Friday, July 25, 2008

The Sky Isn't Falling, But the EAS Is... Heads Up!

You can't say I didn't warn you...
I did a blog about this right from the start last July.

The EAS is Coming.

What is the EAS?

Well, sadly, it isn't a government-issued, economic stimulus check.

And it isn't one of those secretive, three-lettered, black-ops, "we can neither confirm or deny..." groups.

The Early Ammonia Servicer (EAS) is a double refrigerator-sized, 1400-lb., ammonia-filled tank that was heaved into space by U.S. astronaut Clayton Anderson from the International Space Station on July 23, 2007.

It was brought there in case the ISS developed a leak. As it turned out, the toxic tank wasn't needed after all and by 2007, it had exceeded it's 'Best Used By:' date. What was NASA et al to do? Bring it back on the Space Shuttle? Umm... er... Well, with there only being a small number of Space Shuttle flights left in that program... there's just no time... or room to bring it back to Earth. Besides, look at that vast expanse of space out there... what's one little, 1400-lb. ammonia-filled tank amid all that open space, right?

Yeah, right. At the time it was jettisoned, NASA admitted that there was already more than 9,000 pieces of space junk orbiting the Earth that are large enough to be tracked.

Besides, NASA rationalized, it'll probably just orbit the Earth for several months as it falls and then it'll probably be incinerated during it's re-entry into the atmosphere... well, at least the bigger chunks will... and, if they don't... well, they'll probably drop harmlessly into the ocean... at least we hope so.

In a most painfully funny irony...
"Our spaceship Earth is a beautiful place," Anderson was heard to marvel during the spacewalk, his first.

Yeah, Anderson... It is Beautiful. Let's try to keep it that way.




Large Chunk of ISS Space Junk Becomes Easy to Observe
July 22nd, 2008
Written by: Ian O'Neill

A huge piece of space debris, weighing 1400 lb (635 kg) and the size of two refrigerators, is gradually falling to Earth, giving observers on the ground a great opportunity to see it. The junk was jettisoned from the International Space Station (ISS) in 2007 and it is expected to re-enter the atmosphere later this year or early 2009. The Early Ammonia Servicer (EAS) was dropped from the ISS after a seven hour spacewalk and pushed in the opposite direction of the space station's orbit shortly before a re-boost by a Soyuz resupply vehicle. This ensured the EAS would pose no danger to the ISS or crew on future orbits. Now the container is beginning its final few months in space and the bets are on as to where it will crash to Earth…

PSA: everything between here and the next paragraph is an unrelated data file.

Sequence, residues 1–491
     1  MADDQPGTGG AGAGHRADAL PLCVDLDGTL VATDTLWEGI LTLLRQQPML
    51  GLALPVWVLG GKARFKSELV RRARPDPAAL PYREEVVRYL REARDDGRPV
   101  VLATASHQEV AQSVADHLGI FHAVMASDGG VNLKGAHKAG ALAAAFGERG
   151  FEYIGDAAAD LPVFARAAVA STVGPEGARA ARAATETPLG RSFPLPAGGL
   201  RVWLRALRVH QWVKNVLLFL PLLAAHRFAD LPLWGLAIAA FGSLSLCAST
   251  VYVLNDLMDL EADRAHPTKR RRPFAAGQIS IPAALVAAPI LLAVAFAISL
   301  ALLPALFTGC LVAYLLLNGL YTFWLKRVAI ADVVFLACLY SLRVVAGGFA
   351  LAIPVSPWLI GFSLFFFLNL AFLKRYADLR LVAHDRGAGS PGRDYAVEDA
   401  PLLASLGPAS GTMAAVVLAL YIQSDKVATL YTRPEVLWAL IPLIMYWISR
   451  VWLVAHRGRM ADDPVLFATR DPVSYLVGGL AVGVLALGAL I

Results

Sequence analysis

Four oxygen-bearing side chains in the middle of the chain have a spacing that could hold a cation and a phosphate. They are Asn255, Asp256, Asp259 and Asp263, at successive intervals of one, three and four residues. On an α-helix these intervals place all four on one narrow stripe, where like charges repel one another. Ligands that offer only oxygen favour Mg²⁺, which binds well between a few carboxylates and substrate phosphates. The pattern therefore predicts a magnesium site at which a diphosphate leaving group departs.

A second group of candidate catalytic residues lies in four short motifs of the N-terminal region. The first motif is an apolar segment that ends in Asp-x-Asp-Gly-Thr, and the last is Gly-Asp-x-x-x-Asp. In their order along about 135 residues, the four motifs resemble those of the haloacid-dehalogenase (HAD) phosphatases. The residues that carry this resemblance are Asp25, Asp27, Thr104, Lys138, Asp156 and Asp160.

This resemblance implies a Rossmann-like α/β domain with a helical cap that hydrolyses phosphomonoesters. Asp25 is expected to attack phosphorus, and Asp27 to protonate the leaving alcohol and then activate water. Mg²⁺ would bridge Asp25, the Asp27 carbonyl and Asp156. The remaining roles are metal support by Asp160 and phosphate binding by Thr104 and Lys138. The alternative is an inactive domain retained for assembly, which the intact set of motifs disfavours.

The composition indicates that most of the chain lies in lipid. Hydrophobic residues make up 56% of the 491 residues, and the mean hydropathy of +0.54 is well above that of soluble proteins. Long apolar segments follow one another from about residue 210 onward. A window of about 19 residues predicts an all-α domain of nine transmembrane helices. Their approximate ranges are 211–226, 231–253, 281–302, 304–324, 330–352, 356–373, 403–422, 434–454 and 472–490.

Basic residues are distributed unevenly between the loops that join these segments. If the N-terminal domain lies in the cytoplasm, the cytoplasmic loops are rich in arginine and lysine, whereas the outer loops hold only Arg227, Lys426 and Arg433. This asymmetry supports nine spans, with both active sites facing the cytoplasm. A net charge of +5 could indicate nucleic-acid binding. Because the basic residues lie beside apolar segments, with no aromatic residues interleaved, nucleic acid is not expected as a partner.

When the EAS, filled with ammonia coolant, had served its purpose the ISS crew had little choice but to throw it overboard. Astronaut Clay Anderson led the July 23rd 2007 operation with the assistance of cosmonauts Fyodor Yurchikhin and robotic arm operator Oleg Kotov as they shoved the EAS Earth-ward along with a 212 lb (96 kg) stanchion used to attach a camera to the station. The whole EVA lasted 7 hours and 41 minutes and the EAS was noted as the largest single piece of junk dropped from the ISS. At the time, mission control estimated that the EAS would orbit the Earth for 300 days; obviously this was a huge underestimate as it continues to spiral closer to the atmosphere one year after the mission.

The EAS is a huge piece of debris and easily tracked from the ground and poses no threat to missions, but it may be a hazard if, as expected, a large portion of the equipment survives re-entry.

Currently, the EAS can be seen over Europe, and next week North America will be able to spot it. For information on where and when to look for a chance to observe this huge lump of waste from the ISS, check out's Simple Satellite Tracker before it starts to flirt with our upper atmosphere in the next few months.

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